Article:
As things stand now, TANF rules require states to ensure that half the parents in their caseloads are engaged, generally for an average of 30 hours a week, in one or some combination of work activities. These are also specified in the rules.

Doesn’t matter whether the activities are appropriately tailored to the individual needs and skills of the participants.

Doesn’t matter whether they’re likely to lead to reasonably secure jobs that pay enough to “end … dependence on public benefits” — one of the four major goals of the law.

It’s the participation rate and hours that count.

And documenting these takes time caseworkers could be using to help parents move from welfare to suitable work. Many states have complained about this, the Acting Assistant Secretary responsible for TANF says.

The activities requirement, however, also gives them an incentive to short-circuit training and other services in favor of pushing parents into the first job — any job — they can find.

They’re off TANF, but into “unstable, no-benefits, low-wage jobs,” says Legal Momentum in one of its many research-based briefs.

Experts have recommended for some years that Congress refocus the TANF work component on outcomes instead of activities when it reauthorizes the program.

Reauthorization is now nearly two years overdue. And Congress won’t get to it this year for sure.

The waivers would provide a basis for informed decisions — results of actual experiments, in fact — when it finally does take up the task.

The HHS Secretary has suggested some projects states might want to try. Hard to believe these wouldn’t improve outcomes, if designed and managed well.

For example, states could:

  • See what happens if they let at least some participants fulfill their work activity requirements in vocational training or vocation-related education beyond the current one-year limit. We know, anecdotally, what a huge difference this could make.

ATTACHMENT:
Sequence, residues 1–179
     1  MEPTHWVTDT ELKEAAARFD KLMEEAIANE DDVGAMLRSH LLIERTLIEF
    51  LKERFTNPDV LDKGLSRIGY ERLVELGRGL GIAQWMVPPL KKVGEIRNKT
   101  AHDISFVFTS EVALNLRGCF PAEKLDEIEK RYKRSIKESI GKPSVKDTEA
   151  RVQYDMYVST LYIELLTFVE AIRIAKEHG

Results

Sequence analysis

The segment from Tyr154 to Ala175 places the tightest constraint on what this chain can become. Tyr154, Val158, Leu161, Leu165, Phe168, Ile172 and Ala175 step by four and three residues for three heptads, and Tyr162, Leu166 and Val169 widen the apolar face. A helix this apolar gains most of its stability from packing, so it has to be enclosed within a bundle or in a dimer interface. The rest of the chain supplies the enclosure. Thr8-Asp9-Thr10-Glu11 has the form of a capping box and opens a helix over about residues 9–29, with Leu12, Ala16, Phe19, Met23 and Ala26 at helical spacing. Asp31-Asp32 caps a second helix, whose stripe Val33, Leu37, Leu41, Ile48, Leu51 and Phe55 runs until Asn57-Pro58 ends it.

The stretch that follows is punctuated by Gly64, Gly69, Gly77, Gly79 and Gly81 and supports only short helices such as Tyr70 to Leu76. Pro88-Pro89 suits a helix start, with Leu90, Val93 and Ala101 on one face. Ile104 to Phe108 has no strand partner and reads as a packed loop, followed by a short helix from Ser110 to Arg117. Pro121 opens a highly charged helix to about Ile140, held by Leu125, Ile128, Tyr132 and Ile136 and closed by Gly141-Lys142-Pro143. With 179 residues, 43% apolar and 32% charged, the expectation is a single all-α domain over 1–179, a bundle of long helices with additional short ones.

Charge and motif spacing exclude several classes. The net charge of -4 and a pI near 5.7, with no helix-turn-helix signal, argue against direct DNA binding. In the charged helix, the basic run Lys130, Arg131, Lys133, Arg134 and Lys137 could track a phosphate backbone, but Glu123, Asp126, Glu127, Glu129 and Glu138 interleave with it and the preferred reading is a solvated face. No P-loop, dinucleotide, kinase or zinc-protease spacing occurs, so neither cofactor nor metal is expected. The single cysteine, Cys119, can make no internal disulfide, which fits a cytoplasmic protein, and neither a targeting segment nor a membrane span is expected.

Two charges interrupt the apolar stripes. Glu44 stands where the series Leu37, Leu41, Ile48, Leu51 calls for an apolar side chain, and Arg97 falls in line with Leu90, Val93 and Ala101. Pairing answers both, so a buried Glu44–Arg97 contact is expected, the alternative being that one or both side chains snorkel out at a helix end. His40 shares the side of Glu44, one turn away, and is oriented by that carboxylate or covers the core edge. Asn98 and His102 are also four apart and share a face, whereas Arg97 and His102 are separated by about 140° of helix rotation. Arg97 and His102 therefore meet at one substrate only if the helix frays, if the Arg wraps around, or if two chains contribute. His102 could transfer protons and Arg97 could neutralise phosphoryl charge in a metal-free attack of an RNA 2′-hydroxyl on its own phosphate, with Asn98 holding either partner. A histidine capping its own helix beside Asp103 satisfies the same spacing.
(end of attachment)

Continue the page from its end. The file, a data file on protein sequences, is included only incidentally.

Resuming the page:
• Count toward their participation rate requirement parents in jobs subsidized by TANF funds, even though they’re not getting cash benefits. In other words, revive one of the more popular uses of the now-expired TANF Emergency Contingency Fund.
  • Strengthen linkages between TANF and their other workforce development programs. Utah, Senator Hatch’s home state, indicated interest in this last year — and has reportedly jumped at the chance for a waiver.
  • Improve collaborations between these programs and their postsecondary education systems so that participants could pursue “multi-year career pathways” that combine work and learning.
  • Adopt new strategies for more effectively serving people with disabilities, including participation and outcome measures designed specifically for them.

None of these ideas is revolutionary. Nor are the others the waiver memo mentions.

And it should be pretty obvious that they don’t “gut welfare reforms,” as Senator Hatch claims, echoing the ferociously right-wing Heritage Foundation.

They don’t even do away with the link between welfare and work, as Presidential hopeful Mitt Romney alleges, because work and preparation for work are at the core of the waiver initative.

LaDonna Pavetti at the Center on Budget and Policy Priorities speaks from years of experience with TANF. The pilot projects states can run with the waivers, she says, “will strengthen welfare reform and the ability of states to move parents from welfare to work.”

What’s wrong with that — except that the effort comes from Democrats?